The Patient Protection and Affordable Care Act (“Affordable Care Act”), passed in the spring of 2010, has some favorable provisions for health insurers. The law, after its full enactment in 2014, will require near universal coverage, Continue reading
People used to have to be very obese to qualify for LAP-BAND surgery, a weight loss operation in which an inflatable silicon ring is wrapped around the stomach to create a small pouch, drastically limiting food consumption. Until recently, the procedure was only approved for those with a body mass index (BMI) of 40 or above, or patients with a BMI of 35 or above, plus a severe obesity-related illness, such as heart disease or diabetes. Now the FDA has expanded the criteria to include people who have a BMI of 30, along with an obesity-related disorder.
That means 37 million more Americans are Continue reading
What It Costs to Start-Up an Electronic Health Electronic health records (EHRs) broaden access to patient data and provide the platform for pushing evidence-based decision support to clinicians at the point-of-care. This promotes optimal care for patients, reduces medical errors, optimizes the use of labor, reduces duplication of tests, and by the way, improves patient outcomes. When done in aggregate across all health providers, a team from McKinsey estimates that $40 billion of costs could be saved in the U.S. health system.
Reforming hospitals with IT investment in the McKinsey Quarterly talks about the American Reinvestment and Recovery Act’s (ARRA) $20+ billion worth of stimulus funding under the HITECH Act and estimates that 80% of existing hospital IT applications will be affected by the regulation. Hospitals will be spending about $120 billion to meet the adoption and meaningful use provisions of the Act. This equates to $80,000 to $100,000 per hospital bed. ARRA incentive payments will cover roughly 20% of this cash outlay, meaning that $60-80K won’t to covered.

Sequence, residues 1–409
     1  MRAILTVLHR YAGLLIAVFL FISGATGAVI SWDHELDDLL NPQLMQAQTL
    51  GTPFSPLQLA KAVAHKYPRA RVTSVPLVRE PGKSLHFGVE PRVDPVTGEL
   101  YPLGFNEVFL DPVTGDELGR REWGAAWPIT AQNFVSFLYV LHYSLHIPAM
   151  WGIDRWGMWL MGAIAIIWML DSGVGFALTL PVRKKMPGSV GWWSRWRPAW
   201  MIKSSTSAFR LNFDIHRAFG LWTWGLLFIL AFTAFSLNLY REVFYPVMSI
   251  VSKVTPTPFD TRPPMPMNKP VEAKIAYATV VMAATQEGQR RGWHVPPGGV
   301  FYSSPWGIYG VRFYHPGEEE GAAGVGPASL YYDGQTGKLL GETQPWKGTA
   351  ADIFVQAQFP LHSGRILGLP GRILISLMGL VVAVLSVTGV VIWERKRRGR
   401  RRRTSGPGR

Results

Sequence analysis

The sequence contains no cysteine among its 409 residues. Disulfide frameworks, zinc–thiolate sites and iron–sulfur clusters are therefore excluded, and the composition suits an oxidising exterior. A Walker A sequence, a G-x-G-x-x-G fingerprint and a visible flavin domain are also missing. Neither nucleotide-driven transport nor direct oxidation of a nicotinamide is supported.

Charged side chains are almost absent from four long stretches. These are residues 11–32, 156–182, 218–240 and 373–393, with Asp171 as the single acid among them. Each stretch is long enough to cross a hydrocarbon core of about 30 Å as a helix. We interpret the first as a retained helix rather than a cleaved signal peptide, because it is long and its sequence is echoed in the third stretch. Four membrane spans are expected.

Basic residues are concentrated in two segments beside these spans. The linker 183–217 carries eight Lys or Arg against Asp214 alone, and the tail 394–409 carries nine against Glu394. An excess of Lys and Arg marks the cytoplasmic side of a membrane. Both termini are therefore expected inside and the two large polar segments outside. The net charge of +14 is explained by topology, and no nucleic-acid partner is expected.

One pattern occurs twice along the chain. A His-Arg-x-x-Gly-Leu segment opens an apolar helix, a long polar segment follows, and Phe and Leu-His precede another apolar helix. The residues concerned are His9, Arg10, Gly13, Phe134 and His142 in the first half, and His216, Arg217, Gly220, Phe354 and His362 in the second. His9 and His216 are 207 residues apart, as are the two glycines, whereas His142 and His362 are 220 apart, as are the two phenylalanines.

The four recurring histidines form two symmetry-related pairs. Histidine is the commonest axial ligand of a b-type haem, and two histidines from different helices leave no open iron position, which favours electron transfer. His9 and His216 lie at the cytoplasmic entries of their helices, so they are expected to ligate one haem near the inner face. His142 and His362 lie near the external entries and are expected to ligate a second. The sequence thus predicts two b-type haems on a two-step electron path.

But McKinsey says, “Hold on!” There are ways to recoup the spending gap between HITECH incentives and cash-out-of-the-hospitals-budget. McKinsey’s research calculates that optimizing labor, reducing adverse drug events and duplicate tests, and adopting revenue cycle management can help the average hospital save $25,000 to $44,000 per bed each year. That gets to the $40 billion in annual savings when multiplied across all hospital beds in the U.S.
In operational terms, the savings accrue through:
* Managing inpatient beds more efficiently using equipment-scheduling software
* Optimizing the use of clinical equipment
* Determining optimal staffing
* Reducing administrative waste
* Reducing adverse drug reactions through computerized-physician-order-entry (CPOE) which cost $8,000 to $15,000 per bed each year (up to $3 million for a 200 bed hospital)
* Managing the revenue cycle by billing unbilled services, equivalent to 0.4% of hospital services, or $4,000 per bed.
Jane’s Hot Points: The McKinsey team rightly points to three critical success factors for maximizing health IT investments that the most wired, effective hospital-adopters have learned: get critical buy-in among clinicians and hospital execs early in the HIT adoption process; ‘radically’ simplify health IT architecture; and, elegantly plan and execute.